One of my former students — I’ll call him Collin — married a woman for love who was marrying for money. The results have been predictable. They have a beautiful house, two beautiful cars, two beautiful children (only one of which is Collin’s, but that’s another story) and plenty of maxed out credit cards. Collin has stress related angina, carries nitro tablets, works a minimum of 50 hours a week, and is one missed paycheck away from bankruptcy and divorce. I told him to take the bankruptcy and divorce. He laughed, but I wasn’t kidding.
Did I mention he JUST turned 30?
Anyway, he’s been referred to a psychiatrist for evaluation because of some symptoms he’s been having, probably stress related, but the ER docs wanted to be sure. So his psychiatrist gave him a book of forms to fill out including various surveys and asking him questions about his various symptoms. Now I always liked Collin and he worked hard for me, but in plain simple matter of fact language, he wasn’t the brightest crayon in the box — and that’s the box of 8, not the new monster box of over 100. So he went to a mutual friend’s house to get some help. This proved to be a case of the blind leading the blind, so they ended up calling me. At the time, the sticking question was “have you ever had suicidal thoughts or suicidal ideation?” They didn’t know the difference so I explained it thusly,
Suicidal thoughts means you’ve just found out you aren’t getting a contract next year and you’ve got a wife at home and bills to pay. On the drive home, the thought crosses your mind that if you managed to have an “accident” before your group life insurance lapsed, your wife could pay everything off and live quite comfortably on her salary alone. BUT, by the time you reach your exit, the though has passed and you’re thinking about the grass you need to cut and about dusting off the old resume and getting set for the job hunt. That’s a brief suicidal thought.
Suicidal ideation, however, is when it’s been a year since you lost your job and even though you’ve managed to keep your head about water with unemployment checks and cashing in your state retirement, you have had exactly zero luck in finding a job and the outlook is grim. You have no prospects and hope is dwindling, so you start slipping into a little more serious depression. Then you remember that big oak tree that sits about ten feet from the road in the curve over on State 101 just inside the Woodruff town limits. You are aware that everyone knows you have several friends and acquaintances in Woodruff, including a step-uncle who lives about half a mile from said tree. You are also aware that you are well known for falling asleep at the wheel. Also, you know how to disable the airbags on your vehicle and it’s a widely reported fact that you detest seatbelts. You remember that once you timed out everything and figured you could easily be doing 60 mph when you hit that curve and if you “dozed off” and straightened out said curve, you would smack the tree at 60 mph and, with disabled airbags and no seatbelt, be ejected through your windshield and perish of massive blunt force trauma to your cranium. At that point, even though your primary insurance has lapsed, the obvious “accident” would enable the small life insurance policy your mother still has on you to pay off and that would be just enough for the simple pine casket funeral you always planned and you’d no longer be a drain on family resources.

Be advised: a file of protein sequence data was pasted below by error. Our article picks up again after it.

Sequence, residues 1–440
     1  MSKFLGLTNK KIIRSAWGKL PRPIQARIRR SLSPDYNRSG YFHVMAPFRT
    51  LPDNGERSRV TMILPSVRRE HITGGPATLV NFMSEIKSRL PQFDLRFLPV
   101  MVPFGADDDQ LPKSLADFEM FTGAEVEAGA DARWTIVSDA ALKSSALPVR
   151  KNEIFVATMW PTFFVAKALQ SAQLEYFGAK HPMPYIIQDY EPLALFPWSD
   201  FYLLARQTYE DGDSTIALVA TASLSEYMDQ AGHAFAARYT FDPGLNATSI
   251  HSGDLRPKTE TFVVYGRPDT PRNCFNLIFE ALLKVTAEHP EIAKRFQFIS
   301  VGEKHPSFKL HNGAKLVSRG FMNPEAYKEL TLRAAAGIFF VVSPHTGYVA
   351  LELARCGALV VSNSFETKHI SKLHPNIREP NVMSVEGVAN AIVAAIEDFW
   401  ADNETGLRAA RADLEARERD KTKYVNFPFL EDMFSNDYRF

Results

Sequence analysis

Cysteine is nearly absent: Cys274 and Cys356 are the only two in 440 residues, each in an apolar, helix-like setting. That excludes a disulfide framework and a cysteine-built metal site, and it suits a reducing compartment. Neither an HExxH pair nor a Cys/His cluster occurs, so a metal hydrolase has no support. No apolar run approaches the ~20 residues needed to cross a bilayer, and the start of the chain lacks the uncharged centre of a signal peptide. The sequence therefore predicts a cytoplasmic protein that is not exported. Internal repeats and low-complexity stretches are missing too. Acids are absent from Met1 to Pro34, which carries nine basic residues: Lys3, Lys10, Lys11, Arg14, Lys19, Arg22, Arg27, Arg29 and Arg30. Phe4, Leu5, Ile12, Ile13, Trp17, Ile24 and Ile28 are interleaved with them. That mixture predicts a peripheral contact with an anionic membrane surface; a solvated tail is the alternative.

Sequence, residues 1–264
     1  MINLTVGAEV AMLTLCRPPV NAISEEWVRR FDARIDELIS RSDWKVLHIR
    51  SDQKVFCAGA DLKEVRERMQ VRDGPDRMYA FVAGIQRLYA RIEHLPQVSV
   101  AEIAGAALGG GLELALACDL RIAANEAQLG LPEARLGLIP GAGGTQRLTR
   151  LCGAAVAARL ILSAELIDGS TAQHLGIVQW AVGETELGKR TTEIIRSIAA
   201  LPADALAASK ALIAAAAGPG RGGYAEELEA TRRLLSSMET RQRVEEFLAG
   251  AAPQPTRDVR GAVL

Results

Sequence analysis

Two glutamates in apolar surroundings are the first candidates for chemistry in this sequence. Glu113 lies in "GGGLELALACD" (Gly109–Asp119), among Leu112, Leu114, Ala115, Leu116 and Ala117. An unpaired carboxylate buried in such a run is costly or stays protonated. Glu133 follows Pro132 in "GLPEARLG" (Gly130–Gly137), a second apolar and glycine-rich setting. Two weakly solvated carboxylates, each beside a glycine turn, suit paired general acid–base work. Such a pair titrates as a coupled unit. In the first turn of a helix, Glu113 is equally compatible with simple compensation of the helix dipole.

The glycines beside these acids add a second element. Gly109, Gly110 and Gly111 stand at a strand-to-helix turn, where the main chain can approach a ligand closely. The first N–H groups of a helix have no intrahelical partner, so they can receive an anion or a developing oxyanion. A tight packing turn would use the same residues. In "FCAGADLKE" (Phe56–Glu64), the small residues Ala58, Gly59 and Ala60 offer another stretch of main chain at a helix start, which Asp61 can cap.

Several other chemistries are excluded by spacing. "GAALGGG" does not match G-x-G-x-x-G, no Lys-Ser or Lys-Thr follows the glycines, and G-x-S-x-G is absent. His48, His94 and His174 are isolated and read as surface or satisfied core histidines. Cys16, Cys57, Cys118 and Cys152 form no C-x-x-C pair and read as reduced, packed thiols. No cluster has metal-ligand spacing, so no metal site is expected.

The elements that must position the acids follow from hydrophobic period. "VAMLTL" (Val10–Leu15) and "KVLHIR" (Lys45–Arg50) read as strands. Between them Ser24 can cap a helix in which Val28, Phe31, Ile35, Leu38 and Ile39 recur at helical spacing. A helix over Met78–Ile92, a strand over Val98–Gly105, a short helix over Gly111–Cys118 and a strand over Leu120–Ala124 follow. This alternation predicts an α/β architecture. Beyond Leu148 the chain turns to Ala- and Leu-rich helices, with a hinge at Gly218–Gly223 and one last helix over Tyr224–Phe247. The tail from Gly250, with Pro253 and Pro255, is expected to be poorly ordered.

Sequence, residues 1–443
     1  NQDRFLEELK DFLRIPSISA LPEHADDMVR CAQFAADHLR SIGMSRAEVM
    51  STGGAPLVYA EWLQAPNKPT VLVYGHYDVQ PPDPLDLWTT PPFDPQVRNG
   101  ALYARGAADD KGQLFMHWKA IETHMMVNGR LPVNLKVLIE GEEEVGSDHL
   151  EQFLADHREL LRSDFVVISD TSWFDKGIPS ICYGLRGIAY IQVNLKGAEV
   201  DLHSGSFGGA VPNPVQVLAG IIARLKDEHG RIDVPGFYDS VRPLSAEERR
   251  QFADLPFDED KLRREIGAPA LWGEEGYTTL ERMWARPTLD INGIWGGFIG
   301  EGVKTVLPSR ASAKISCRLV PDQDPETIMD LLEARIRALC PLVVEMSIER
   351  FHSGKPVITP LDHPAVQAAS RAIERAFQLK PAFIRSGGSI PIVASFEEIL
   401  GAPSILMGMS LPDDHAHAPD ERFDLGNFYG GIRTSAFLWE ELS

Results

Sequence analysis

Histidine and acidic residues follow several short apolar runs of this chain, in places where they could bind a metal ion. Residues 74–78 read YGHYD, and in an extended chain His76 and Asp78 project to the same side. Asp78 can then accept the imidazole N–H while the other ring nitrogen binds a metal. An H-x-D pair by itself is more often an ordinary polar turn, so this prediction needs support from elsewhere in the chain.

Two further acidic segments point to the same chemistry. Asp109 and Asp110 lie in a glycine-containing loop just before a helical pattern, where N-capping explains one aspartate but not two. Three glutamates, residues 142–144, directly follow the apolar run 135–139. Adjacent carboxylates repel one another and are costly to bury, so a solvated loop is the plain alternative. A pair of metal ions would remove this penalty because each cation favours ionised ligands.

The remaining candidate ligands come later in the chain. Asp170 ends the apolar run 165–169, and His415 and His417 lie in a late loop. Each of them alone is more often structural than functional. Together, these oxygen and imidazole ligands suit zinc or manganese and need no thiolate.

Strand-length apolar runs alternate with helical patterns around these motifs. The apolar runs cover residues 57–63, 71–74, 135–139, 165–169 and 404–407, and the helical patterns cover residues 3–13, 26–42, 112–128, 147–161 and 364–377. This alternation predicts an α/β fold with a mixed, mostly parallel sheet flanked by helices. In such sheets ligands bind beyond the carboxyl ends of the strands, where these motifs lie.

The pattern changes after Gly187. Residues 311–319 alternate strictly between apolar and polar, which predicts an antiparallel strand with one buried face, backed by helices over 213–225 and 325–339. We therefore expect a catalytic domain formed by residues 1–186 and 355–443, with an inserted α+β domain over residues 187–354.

“So,” Collin asked me, “thoughts means the idea just occurs to your and passes, but ideation means you actually have a solid plan?” I told him that was it exactly! They kept me on the line a little while longer with a few other questions then hung up.
Man, I hope that boy gets some help. He’s a good boy. He’s just in over his head right now and his wife is about as useful as a screen door on a submarine.
So, y’all say a prayer for him, keep your feet clean, and remember who loves you! 🙂